Thursday, 18 July 2019

Win, draw , loss

While I feel that endgames aren't the hardest part of chess, I accept that they can be the most stressful. While your choice of moves becomes narrower, the consequences of getting them wrong is more dramatic.
Here is a snippet of game that demonstrates this point. Prior to this position Black had been winning, but had lost a piece to a tactic. His only hope of saving the game was to distract the bishop long enough and try and force a bishop and wrong coloured rook pawn ending. Probably influenced by being a piece up, White didn't realise there was a second danger in the position. After Black played g4 White need to exchange pawns, and White is still winning. Instead he pushed to h4, and now the position was drawn. At some point Black will play g3 and if the f pawn captures, Black has his desired wrong coloured rook pawn ending.
At this point White made his second fatal choice. Trying to free the bishop, he ran his king towards the b pawn. Black decided there was no harm in delaying g3, and when the king was far enough away, played the winning pawn push!


White -Black
Canberra 2019


Tuesday, 16 July 2019

A pretty poor tie-break

Finding a 'perfect' tie-break is a pretty inexact science in most sports. The better ones at least still have some notion of the game remaining as a contest, rather than just stopping at some point and declaring a winner.
So the tie-breaking method to decide the Cricket World Cup was pretty poor by this standard. The game was tied after 50 overs, and then tied after the "Super Over", which is the equivalent of a penalty shootout. The trophy was then awarded to England on 'most boundaries scored' which sounds like something chosen by a committee who didn't think it would ever be required. In chess terms this would be like deciding a drawn World Championship match on "most number of checks".
The most obvious result would have been to share the trophy, which is a policy that I've also been in favour of in a lot of chess events I've been involved in. But failing that, "head to head", "least wickets lost", or "finishing position" would have all probably made more sense.

Monday, 15 July 2019

Chess is (happily) weird

With so many GM's these days (over 1000 at least), trying to stand out is harder and harder. In the good old days (ie 1980's) you could earn a reputation by playing openings like the Scandinavian or the Scotch. As these openings have now gone mainstream, players need to do more than that.
The recent trend is to eschew what would be considered more 'classical' positional ideas and instead focus on the initiative. In some circumstances it works, and is very entertaining when it does, but it can be just as entertaining when it doesn't.
In the following game Black is very intent on giving up material for an attack. White's position is solid enough that he could have taken the offered piece on move 18, but waited until move 23 before doing so. Despite Black having open lines and plenty of pawns, his attack went nowhere, and it was White, with good old fashioned central control and better developed pieces that won.


Fridman,Daniel (2638) - Kulaots,Kaido (2560) [B22]
47th GM 2019 Dortmund GER (1.1), 13.07.2019


Sunday, 14 July 2019

"That really got out of hand fast"

Two days ago I was reading a complaint about how GM Igor Rausis was using the "400 point rule" to game the FIDE Rating System. The claim was that he was playing lots of weak players to gain around 1 rating point per game, boosting his rating 20 well over 2600. But within 24 hours that went from a complaint about manipulating the rating system to a very credible accusation of using a mobile phone during a tournament game.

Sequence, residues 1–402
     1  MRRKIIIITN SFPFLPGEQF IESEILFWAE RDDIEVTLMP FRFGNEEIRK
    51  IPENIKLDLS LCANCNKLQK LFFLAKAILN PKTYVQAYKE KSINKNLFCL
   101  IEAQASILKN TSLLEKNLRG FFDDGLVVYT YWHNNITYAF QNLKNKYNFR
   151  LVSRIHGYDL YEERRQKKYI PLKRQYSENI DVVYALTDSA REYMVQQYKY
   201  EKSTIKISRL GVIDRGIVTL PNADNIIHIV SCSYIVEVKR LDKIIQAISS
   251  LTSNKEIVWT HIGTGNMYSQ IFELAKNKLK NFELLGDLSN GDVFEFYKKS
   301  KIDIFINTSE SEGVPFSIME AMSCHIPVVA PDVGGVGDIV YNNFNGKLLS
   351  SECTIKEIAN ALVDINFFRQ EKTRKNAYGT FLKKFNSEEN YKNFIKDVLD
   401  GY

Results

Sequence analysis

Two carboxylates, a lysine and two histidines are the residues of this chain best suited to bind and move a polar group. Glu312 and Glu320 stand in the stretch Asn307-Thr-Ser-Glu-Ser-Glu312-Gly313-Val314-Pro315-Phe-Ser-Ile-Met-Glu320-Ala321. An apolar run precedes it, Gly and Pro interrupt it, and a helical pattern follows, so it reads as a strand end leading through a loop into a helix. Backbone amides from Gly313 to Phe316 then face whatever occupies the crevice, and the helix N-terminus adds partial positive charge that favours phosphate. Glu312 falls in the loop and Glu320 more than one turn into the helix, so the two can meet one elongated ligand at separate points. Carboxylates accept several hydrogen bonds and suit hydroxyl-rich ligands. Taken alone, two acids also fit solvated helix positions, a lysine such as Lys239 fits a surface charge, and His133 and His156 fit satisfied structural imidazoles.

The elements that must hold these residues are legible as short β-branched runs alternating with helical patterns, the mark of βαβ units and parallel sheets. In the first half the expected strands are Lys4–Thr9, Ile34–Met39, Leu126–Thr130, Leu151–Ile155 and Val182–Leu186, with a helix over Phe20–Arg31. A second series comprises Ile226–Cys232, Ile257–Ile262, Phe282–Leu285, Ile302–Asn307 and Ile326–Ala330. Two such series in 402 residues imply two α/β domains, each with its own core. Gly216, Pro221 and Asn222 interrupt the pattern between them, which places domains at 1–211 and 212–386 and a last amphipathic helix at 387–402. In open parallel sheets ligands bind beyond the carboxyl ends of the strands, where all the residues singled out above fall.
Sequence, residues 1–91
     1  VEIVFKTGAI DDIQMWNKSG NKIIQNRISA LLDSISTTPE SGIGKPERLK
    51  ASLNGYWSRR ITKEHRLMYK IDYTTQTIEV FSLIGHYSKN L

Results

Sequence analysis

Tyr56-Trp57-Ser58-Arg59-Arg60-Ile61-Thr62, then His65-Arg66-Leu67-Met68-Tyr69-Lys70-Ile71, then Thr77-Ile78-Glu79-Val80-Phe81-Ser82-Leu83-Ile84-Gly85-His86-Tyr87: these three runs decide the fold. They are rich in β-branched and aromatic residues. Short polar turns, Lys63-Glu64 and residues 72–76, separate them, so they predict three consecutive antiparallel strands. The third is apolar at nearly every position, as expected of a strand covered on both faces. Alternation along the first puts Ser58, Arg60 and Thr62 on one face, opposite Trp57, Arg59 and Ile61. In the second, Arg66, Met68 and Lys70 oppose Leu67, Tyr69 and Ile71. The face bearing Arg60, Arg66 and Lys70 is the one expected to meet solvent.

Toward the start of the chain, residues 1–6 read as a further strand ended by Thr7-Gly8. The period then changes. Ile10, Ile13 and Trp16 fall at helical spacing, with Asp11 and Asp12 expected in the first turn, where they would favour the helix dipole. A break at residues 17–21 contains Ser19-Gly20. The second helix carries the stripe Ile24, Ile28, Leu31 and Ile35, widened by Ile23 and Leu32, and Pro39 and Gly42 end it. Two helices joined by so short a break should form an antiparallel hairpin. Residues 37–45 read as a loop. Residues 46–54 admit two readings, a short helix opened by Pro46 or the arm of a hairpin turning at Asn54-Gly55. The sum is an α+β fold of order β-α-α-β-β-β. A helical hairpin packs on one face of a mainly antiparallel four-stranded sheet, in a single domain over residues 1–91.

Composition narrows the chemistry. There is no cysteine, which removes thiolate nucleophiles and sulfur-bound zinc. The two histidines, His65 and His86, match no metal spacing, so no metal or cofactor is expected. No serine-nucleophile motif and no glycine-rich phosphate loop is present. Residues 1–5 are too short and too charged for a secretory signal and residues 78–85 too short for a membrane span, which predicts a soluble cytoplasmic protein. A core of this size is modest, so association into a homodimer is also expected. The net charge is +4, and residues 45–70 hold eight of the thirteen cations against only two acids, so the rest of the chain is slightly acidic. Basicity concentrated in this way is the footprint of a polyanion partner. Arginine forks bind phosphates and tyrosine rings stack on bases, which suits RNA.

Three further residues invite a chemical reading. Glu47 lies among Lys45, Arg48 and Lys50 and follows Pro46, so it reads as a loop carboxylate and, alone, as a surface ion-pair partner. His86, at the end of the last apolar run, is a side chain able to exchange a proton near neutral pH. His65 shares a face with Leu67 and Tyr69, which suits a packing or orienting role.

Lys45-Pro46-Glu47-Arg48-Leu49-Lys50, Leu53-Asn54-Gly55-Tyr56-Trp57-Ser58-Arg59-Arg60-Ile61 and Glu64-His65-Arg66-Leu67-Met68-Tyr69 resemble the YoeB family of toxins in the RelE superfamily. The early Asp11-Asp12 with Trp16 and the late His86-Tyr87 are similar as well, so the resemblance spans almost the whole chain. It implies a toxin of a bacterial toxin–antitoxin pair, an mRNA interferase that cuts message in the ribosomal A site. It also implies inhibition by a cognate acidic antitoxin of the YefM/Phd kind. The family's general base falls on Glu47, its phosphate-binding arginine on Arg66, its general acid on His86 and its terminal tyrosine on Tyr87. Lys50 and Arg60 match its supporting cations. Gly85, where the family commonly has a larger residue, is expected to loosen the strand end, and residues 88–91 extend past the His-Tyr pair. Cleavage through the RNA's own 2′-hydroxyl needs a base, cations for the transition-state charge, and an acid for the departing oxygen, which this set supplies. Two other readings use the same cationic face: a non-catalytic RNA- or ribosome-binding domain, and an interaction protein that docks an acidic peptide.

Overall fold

Based on subsequent reports and admissions by Rausis, it looks as though he is 'banged to rights'. It seems that Rausis was already under suspicion based on previous tournament games, and so was being monitored at his latest event. This monitoring turned up fairly clear evidence he was using a phone during the game, and as a consequence he is now facing charges from the FIDE Ethics Commission.

Saturday, 13 July 2019

2019 Oceania Seniors

The 2019 Oceania Seniors is taking place in New Zealand, as part of a chess festival celebrating the 50th anniversary of the Howick-Pakuranga Chess Club. The 23 player field consists mainly of NZ players, but there are 3 Australian players taking part.
The first round saw only one upset (Nigel Cooper beating Nigel Metge), but I expect more upsets to occur over the next few rounds. Unlike most open events the field is quite compact in terms of rating, so a winner from the 7 round event isn't easy to predict.
The tournament crosstable can be found here, while there is live broadcast (and replays) of the top 9 boards at this link.

Friday, 12 July 2019

The pawn pusher

To call someone a "pawn pusher" is usually considered an insult, but not always. I know some chess players who regard "pawn pusher" or "wood pusher" as a completely accurate character description. On the other hand, if you make a habit of pushing too many pawns, then the following may happen

Tal,Mihail - Tringov,Georgi P [B06]
Amsterdam Interzonal Amsterdam (23), 21.06.1964


Thursday, 11 July 2019

More non chess stuff

The more I play chess, the less I seem to blog about it. Instead of coming up with something suitably 'chessy' I'd like to congratulate the New Zealand Cricket team for winning their World Cup semi final against India. But to at least have some chess content, India's attempts to get over the line reminded me of trying to mate your opponent after blundering a piece in the opening. In India's case is was more than one piece, but as in chess, the margin of error was so narrow that once more wickets fell, it was all over.